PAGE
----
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  • Can Wearable Tech Increase Productivity In the Office?

    It seems like everywhere you turn these days, everyone is talking about wearable tech. Whether it's about Google Glass, fitness trackers, or smart watches, these devices are becoming more popular -- and increasingly mainstream. Typically, they're used to help increase health, helping the wearer keep track of calories or steps, or monitoring blood pressure. But could wearables actually benefit you in your career, and increase productivity in the office?
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  • Here's Why Your Employer Cares Less About Workplace Flexibility in 2014

    Workplace flexibility is an issue that affects more than just individual workers' ability to work at home once in a while, or perhaps take a small sabbatical to catch up on that traveling they didn't get to after college. It's at the heart of the persistent gender wage gap, and one reason why we don't see as many female CEOs and executives as males. So it's slightly disappointing to read the Families and Workplace Institute's 2014 National Study of Employers, which shows that employers on the whole are less invested in providing flexible options to workers today than they were six years ago.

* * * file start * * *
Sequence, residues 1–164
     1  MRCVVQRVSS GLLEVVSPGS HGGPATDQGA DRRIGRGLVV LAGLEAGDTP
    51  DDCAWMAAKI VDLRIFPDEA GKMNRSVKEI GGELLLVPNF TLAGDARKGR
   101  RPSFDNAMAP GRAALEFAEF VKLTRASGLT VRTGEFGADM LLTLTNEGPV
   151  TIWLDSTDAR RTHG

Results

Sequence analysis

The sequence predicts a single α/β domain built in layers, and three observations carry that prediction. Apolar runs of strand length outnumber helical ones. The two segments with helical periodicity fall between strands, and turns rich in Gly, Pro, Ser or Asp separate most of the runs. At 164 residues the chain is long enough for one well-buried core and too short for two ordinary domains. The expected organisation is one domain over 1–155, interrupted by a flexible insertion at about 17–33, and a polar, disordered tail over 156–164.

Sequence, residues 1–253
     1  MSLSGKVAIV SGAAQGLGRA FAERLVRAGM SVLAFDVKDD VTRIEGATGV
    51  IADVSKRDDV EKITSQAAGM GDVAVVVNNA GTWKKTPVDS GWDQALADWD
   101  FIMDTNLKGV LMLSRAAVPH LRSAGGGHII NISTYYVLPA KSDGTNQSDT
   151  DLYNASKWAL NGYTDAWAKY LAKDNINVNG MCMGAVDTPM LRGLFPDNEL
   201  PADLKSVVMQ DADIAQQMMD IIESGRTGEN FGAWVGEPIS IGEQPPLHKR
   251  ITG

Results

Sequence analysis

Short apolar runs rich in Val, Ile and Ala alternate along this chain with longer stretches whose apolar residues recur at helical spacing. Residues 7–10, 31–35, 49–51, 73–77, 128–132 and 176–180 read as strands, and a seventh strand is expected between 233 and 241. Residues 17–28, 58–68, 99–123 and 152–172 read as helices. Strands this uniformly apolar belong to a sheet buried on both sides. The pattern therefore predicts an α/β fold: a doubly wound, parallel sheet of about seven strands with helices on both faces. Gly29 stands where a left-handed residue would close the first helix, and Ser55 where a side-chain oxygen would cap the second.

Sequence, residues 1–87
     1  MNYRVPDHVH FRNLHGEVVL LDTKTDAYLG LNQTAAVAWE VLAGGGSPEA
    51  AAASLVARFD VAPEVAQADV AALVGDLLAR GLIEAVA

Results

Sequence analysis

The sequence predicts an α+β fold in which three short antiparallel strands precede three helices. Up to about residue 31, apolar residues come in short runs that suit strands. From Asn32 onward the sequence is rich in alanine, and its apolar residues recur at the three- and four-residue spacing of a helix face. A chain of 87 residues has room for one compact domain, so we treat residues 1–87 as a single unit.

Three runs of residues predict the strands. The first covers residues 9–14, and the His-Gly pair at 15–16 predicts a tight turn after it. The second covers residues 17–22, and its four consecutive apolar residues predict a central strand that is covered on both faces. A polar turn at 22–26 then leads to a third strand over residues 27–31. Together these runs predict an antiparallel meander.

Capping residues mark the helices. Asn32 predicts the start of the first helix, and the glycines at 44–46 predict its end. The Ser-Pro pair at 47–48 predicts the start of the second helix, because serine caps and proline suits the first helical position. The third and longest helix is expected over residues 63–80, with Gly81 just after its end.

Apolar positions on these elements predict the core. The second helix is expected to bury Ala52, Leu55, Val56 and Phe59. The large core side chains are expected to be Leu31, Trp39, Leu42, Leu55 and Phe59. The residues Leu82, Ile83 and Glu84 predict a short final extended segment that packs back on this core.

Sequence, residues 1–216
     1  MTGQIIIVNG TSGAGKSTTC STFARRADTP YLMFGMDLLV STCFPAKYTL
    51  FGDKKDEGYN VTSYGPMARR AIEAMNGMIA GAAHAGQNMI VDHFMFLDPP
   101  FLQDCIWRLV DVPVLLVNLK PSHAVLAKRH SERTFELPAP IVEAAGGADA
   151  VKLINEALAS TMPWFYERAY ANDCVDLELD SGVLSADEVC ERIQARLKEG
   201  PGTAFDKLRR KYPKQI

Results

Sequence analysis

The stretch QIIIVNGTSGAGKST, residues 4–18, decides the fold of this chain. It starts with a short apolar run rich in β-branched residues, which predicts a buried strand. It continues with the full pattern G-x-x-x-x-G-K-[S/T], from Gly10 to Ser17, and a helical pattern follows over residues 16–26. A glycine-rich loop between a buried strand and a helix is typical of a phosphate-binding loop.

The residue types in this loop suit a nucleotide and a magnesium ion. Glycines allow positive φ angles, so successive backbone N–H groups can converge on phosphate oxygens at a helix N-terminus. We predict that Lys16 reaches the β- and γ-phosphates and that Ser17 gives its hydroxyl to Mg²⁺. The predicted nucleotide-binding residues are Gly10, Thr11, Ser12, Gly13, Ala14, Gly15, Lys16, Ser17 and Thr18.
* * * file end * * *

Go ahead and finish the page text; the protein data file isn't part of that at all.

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  • Jobr Is Like a Dating App for Finding Your Next Job

    If you've been single within the last year, you've probably heard of Tinder -- the dating app that allows you to swipe right or left to indicate your interest in a potential new boyfriend or girlfriend. Based on that idea of matching users with what they want in life, a new app called Jobr offers to help job seekers find their next gig.
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  • 5 Tips for Taking the Perfect Nap

    Need a quick energy boost? A nap might be the answer to all your problems. It's science!

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  • Where's the Best Place to Be a Working Mom? Not the US

    Every year, the nonprofit organization Save the Children ranks the best and worst countries in which to be a mother, based on factors like maternal health, economic status, and educational attainment. This year, the US ranked 31st out of 178 countries. Here's why that matters to you and your career.

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  • What College Graduates Need to Know About Creating a Personal Brand

    Thousands of college students across the country are beginning to graduate, ready to hit the ground running and enter the workforce. But are they really ready for what it takes to land the job of their dreams? These days, beginning your career means more than just writing a killer resume. Creating a strong personal brand is critical to establishing a reputation when you may have little to no experience.